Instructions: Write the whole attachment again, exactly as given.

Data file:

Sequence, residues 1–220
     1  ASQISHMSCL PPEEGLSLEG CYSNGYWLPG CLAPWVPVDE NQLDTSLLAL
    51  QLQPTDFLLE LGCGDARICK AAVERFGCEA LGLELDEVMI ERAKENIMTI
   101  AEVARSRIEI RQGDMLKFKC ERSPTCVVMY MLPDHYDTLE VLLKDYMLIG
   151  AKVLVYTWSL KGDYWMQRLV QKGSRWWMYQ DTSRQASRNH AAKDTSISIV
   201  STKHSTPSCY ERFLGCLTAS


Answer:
Sequence, residues 1–220
     1  ASQISHMSCL PPEEGLSLEG CYSNGYWLPG CLAPWVPVDE NQLDTSLLAL
    51  QLQPTDFLLE LGCGDARICK AAVERFGCEA LGLELDEVMI ERAKENIMTI
   101  AEVARSRIEI RQGDMLKFKC ERSPTCVVMY MLPDHYDTLE VLLKDYMLIG
   151  AKVLVYTWSL KGDYWMQRLV QKGSRWWMYQ DTSRQASRNH AAKDTSISIV
   201  STKHSTPSCY ERFLGCLTAS